Alternative Medicines May Be Dangerous for Kids
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Australian researchers monitored reports from pediatricians in Australia from 2001 to 2003 looking for suspected side effects from alternative medicines like herbal treatments, vitamin supplements or naturopathic pills. They found 39 reports of side effects including four deaths.
The study was published online Thursday in the journal Archives of Disease in Childhood, a specialist publication of the medical journal BMJ.
Unlike conventional medicines, whose side effects are tracked by national surveillance systems, there are no such systems in place for alternative therapies.
In the study, researchers found infants to children aged 16 were affected by complementary medicines and that in nearly 65 percent of the cases, side effects were classified as severe, life-threatening, or fatal. In 44 percent of cases, pediatricians believed their patient had been harmed by a failure to use conventional medicines.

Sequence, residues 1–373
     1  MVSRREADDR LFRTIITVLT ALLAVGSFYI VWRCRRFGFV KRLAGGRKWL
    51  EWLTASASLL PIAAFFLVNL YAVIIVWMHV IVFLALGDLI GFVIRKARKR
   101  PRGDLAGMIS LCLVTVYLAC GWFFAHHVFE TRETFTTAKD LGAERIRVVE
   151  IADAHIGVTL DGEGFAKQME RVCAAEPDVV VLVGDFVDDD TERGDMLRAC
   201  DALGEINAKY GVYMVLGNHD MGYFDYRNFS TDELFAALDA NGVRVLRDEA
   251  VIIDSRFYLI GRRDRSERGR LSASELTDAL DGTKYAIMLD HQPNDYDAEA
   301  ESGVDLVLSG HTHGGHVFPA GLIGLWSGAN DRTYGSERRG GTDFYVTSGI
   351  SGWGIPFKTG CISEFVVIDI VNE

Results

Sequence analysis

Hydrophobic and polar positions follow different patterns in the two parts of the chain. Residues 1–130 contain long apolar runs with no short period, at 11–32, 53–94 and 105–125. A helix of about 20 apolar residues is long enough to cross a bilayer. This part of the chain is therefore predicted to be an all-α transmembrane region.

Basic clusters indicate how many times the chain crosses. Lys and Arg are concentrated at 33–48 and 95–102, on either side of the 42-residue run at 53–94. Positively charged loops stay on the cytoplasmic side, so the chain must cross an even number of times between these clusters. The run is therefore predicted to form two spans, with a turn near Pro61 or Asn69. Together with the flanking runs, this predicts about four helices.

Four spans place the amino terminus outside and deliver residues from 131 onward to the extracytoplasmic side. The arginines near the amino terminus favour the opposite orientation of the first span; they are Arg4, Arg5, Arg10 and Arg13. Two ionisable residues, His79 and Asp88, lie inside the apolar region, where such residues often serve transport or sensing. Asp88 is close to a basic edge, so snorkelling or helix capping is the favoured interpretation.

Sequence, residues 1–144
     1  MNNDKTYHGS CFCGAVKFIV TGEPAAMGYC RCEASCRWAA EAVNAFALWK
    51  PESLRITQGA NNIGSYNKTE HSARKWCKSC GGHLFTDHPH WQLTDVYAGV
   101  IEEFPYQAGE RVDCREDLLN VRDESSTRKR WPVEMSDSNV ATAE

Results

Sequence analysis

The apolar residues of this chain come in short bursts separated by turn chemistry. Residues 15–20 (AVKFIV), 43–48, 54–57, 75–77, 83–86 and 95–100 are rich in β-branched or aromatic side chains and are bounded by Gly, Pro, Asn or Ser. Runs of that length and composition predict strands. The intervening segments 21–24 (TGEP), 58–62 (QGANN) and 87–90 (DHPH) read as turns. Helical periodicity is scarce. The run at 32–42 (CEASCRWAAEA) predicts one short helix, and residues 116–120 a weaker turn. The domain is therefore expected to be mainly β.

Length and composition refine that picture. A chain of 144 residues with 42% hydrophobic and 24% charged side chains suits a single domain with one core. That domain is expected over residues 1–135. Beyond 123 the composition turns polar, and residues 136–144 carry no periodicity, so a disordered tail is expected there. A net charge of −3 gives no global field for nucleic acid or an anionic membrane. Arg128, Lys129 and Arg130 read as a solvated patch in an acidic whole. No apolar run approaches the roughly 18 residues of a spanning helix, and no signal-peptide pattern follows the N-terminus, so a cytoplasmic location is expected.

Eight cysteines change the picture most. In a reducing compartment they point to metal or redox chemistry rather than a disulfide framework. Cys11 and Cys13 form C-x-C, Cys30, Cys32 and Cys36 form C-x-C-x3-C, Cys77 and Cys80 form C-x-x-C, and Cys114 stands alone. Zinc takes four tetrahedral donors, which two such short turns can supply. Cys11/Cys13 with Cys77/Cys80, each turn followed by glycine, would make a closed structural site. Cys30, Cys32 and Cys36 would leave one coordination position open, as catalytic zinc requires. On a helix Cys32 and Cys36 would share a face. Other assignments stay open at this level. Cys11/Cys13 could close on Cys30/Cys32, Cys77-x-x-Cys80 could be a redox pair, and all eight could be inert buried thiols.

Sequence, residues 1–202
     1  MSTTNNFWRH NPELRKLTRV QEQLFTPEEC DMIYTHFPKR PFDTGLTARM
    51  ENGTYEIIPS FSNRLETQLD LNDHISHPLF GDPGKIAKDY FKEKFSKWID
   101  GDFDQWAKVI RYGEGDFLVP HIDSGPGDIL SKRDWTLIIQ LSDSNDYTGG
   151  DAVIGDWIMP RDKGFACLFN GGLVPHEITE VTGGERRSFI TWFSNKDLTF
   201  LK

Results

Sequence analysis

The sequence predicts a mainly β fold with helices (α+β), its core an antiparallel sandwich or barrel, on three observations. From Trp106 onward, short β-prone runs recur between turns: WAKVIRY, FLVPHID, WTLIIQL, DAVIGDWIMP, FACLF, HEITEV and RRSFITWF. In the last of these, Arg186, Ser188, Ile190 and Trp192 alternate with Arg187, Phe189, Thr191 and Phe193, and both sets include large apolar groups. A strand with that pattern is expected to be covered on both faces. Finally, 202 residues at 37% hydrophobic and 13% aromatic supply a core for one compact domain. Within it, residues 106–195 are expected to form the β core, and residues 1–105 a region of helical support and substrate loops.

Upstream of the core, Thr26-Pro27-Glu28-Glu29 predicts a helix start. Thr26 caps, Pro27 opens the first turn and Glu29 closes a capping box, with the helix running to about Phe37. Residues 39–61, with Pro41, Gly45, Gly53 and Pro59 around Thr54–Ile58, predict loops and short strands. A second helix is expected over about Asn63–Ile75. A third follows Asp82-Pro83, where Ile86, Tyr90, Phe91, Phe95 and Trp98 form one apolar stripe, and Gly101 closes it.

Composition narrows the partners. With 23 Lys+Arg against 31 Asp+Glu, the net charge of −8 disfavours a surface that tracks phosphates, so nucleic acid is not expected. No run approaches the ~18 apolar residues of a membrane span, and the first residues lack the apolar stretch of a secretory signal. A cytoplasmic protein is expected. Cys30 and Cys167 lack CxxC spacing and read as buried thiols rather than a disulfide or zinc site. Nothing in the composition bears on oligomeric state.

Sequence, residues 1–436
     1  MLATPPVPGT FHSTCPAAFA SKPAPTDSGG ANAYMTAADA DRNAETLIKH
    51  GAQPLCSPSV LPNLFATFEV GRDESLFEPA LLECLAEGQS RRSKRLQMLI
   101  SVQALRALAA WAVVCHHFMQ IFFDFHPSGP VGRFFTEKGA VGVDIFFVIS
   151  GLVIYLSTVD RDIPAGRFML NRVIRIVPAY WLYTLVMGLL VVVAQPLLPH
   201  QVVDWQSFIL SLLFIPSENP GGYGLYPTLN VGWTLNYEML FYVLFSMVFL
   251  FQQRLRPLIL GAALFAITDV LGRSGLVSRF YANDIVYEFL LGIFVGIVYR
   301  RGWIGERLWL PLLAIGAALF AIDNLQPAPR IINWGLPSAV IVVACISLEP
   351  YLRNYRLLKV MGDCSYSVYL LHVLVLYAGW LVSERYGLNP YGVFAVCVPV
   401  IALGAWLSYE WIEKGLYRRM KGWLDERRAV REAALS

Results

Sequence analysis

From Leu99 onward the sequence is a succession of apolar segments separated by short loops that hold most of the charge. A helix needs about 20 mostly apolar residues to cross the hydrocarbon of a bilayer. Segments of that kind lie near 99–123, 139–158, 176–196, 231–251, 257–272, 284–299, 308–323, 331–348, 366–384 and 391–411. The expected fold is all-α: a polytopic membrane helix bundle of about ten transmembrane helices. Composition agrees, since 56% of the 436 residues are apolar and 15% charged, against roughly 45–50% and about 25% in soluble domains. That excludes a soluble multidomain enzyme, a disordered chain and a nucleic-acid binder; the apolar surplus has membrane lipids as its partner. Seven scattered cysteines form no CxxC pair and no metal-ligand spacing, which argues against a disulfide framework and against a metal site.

"We have known for a long time that alternative medicines can put patients at risk," said Edzard Ernst, a professor of complementary medicine at Peninsula Medical School in Exeter, England. He was not linked to the study.
"Perhaps the most serious harm occurs when effective therapies are replaced by ineffective alternative therapies," he said. "In that situation, even an intrinsically harmless medicine, like a homeopathic medicine, can be life-threatening," Ernst said.
Alissa Lim of the Royal Children's Hospital in Melbourne and colleagues wrote that all four deaths they identified were caused by a decision to use alternative therapies instead of conventional medicines.
They described one case of a 10-month-old baby who had severe septic shock after being given naturopathic medicines and was assigned to a special diet to treat eczema. In another case, an infant who suffered multiple seizures and a heart attack died after being given alternative therapies - which the parents had chosen due to their concerns about the side effects of regular medicines.
Ernst said people should recognize the limitations of alternative medicines and that practitioners should be careful not to oversell their benefits.
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